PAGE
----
Coming to a motel
          lounge near you!Mooseboy Alfonzo and His Prairie Troubadours


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Mooseboy Alfonzo
and His
Prairie Troubadours



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And, yes indeed, here we are:

The Instant Classic Opus Series

Click the "album covers" below to discover my music.

Mooseboy Alfonzo - I'm That Type of Guy

The Latest Opus - February 2013


The long wait is over! Mooseboy Alfonzo and His Prairie Troubadours are back with a vengance, taking on LL Cool J's "I'm That Type of Guy"..

The Other Opuses

Click the album to go to the song


I'm
                            That Type of Guy

Need You Now
Spirits in the Material World Miss
                            You
One Thing Leads to Another I Wanna Be Sedated
Crazy Train
Play That Funky Music, Mooseboy
So Very Crazy on You
Flirtin' With Disaster
Don't Cha-Cha-Cha
Bootylicious
Fight the Power
The Missing Opus
That's the Way (I Like IT)
Welcome to the Jungle
Rebel Yello
Cat Scratch Fever
Get the Party Started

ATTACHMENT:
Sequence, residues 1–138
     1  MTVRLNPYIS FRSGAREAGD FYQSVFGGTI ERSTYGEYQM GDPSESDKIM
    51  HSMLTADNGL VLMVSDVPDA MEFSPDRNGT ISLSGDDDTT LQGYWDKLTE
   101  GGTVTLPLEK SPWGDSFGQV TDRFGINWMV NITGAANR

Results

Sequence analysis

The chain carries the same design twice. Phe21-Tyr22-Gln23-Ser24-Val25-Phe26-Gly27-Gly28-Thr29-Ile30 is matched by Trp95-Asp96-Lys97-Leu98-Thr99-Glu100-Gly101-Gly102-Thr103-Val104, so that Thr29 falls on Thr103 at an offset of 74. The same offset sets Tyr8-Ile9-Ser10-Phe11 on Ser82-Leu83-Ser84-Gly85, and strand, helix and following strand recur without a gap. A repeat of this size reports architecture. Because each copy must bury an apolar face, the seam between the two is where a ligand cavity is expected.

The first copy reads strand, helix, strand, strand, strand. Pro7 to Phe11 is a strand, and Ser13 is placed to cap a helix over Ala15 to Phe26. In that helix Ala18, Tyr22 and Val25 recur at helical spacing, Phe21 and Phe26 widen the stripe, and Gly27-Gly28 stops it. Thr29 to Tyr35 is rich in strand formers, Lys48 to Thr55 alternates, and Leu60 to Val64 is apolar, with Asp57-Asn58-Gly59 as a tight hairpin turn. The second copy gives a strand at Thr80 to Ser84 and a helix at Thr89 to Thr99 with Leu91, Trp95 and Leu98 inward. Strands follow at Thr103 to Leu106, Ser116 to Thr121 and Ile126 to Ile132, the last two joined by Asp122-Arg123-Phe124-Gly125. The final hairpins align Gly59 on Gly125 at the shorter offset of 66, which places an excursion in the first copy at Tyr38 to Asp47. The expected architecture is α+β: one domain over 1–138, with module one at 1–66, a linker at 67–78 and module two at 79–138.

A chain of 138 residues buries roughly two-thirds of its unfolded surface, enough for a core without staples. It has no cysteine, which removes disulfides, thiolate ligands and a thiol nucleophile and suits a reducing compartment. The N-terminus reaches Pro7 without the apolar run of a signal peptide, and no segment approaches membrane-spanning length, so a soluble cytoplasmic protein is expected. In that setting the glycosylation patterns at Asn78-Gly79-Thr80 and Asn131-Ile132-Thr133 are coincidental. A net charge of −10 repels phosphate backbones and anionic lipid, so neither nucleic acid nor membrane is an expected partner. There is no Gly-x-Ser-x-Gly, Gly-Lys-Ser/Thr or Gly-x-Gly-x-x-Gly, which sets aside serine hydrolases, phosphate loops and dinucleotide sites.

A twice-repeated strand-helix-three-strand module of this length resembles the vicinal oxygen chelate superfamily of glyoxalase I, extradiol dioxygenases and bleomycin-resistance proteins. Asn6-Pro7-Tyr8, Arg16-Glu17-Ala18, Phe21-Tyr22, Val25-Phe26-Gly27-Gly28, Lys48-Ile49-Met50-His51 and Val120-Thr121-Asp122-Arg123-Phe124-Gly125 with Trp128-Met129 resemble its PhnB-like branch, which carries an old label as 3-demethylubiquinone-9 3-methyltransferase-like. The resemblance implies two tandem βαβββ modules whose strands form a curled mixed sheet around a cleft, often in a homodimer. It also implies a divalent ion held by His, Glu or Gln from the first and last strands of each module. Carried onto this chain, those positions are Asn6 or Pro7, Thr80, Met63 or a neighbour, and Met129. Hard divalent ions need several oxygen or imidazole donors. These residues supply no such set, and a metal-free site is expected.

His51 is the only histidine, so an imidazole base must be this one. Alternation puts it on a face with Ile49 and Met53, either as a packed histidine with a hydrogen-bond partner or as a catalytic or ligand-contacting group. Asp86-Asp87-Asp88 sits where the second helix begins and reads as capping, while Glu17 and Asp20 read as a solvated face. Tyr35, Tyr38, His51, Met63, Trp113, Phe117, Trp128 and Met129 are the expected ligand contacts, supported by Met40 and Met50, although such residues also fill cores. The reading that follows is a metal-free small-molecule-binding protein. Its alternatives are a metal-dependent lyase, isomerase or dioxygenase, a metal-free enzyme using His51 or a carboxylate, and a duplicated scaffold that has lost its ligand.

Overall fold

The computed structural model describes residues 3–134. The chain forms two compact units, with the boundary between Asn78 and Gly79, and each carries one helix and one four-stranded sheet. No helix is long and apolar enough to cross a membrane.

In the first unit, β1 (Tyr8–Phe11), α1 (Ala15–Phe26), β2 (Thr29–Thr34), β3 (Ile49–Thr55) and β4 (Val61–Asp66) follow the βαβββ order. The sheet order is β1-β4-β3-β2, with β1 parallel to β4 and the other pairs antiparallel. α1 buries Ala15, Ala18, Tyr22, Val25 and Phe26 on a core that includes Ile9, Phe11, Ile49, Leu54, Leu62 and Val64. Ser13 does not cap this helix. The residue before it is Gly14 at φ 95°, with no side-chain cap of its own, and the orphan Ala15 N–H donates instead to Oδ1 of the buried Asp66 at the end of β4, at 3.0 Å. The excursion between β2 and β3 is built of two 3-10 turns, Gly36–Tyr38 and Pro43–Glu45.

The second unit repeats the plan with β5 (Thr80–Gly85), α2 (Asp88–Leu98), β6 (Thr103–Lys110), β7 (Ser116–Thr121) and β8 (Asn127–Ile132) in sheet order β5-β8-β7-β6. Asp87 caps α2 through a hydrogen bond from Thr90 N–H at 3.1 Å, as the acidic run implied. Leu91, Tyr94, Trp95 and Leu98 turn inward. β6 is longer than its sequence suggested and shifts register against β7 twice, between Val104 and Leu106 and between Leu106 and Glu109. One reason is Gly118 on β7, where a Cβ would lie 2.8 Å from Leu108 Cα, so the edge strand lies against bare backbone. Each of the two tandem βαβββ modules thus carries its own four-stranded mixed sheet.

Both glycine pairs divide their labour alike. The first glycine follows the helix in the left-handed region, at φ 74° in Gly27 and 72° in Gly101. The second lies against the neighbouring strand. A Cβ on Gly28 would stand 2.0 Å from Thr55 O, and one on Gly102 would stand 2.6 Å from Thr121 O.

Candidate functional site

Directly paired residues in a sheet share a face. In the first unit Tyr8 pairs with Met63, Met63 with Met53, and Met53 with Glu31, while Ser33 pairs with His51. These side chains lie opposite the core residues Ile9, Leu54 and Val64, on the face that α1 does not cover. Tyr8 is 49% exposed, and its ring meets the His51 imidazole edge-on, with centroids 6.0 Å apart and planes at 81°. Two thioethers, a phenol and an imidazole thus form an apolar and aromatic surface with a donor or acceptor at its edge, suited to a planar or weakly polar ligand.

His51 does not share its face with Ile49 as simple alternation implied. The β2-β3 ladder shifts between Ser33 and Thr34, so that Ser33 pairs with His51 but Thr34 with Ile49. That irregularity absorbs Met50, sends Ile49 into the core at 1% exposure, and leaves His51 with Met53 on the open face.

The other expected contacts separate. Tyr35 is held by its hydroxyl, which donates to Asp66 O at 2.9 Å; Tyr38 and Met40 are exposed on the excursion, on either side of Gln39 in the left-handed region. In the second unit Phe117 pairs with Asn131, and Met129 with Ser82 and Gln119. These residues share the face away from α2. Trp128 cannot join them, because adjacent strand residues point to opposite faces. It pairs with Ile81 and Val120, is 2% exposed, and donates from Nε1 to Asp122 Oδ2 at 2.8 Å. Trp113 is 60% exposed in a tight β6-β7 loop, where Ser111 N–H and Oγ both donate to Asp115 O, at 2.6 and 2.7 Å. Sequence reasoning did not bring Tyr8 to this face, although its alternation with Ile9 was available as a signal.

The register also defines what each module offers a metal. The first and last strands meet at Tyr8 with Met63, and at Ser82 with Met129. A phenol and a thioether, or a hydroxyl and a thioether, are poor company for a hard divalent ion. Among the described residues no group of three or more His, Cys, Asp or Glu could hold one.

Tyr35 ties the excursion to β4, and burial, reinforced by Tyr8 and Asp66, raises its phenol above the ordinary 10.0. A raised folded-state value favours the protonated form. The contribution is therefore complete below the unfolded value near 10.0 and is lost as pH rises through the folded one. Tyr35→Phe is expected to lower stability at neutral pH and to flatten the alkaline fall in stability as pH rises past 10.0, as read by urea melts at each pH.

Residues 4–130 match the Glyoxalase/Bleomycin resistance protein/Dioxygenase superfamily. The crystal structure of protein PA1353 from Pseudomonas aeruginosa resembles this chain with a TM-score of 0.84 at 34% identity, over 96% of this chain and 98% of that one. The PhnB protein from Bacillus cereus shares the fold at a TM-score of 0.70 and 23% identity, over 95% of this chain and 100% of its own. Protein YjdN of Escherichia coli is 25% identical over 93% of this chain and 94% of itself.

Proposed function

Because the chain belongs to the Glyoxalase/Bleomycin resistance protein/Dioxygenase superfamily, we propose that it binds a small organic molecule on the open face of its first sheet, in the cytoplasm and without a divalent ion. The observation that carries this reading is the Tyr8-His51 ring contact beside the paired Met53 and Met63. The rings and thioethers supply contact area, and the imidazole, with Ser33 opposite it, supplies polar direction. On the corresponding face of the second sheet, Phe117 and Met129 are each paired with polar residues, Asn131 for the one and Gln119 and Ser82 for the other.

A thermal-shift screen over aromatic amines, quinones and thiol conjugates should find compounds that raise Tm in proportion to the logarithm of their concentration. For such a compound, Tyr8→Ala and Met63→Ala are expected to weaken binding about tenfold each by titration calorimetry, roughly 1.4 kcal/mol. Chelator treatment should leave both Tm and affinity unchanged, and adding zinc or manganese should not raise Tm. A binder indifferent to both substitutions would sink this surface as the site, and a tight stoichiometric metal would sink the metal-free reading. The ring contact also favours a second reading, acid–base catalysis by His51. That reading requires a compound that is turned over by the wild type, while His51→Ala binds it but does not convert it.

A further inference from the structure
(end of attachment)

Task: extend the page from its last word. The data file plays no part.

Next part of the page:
Rules for an Instant Classic Opus

There is a method to my madness here, folks. I always follow the same guiding principles when creating an opus:
  • Stick closely to the original lyrics, though you have to "lounge" them up. Exception here may be "Play That Funky Music, Mooseboy" where I kept the meter and rhyme scheme of the original, but changed the lyrics to be autobiographical.
  • Get the lyrics down. While I stray some from the original lyrical path, I work it all out in advance. There's almost no improvisation to my vocal performances.
  • Play as little as possible. I play parts here and there, but by and large I use software to generate the basic tracks. I then edit, re-voice, and generally mangle the heck out of them. I'll also compose a part if needed. If I have to, then I'll play a part.
  • Include either an oboe, tuned percussion or both. When my daughter was growing up and playing in band at school, she played oboe or tuned percussion. So every opus gets one, the other, or both.
  • Sampling adds context. The samples are meant to provide deeper meaning to the opus, therefore they "fit" the song itself. For example, in Crazy Train, during Lisa Simpson's speech, you can hear "The Yellow Rose of Texas" in the background. That's because Emily Dickinson's poetry can all be read to the tune of "Yellow Rose".







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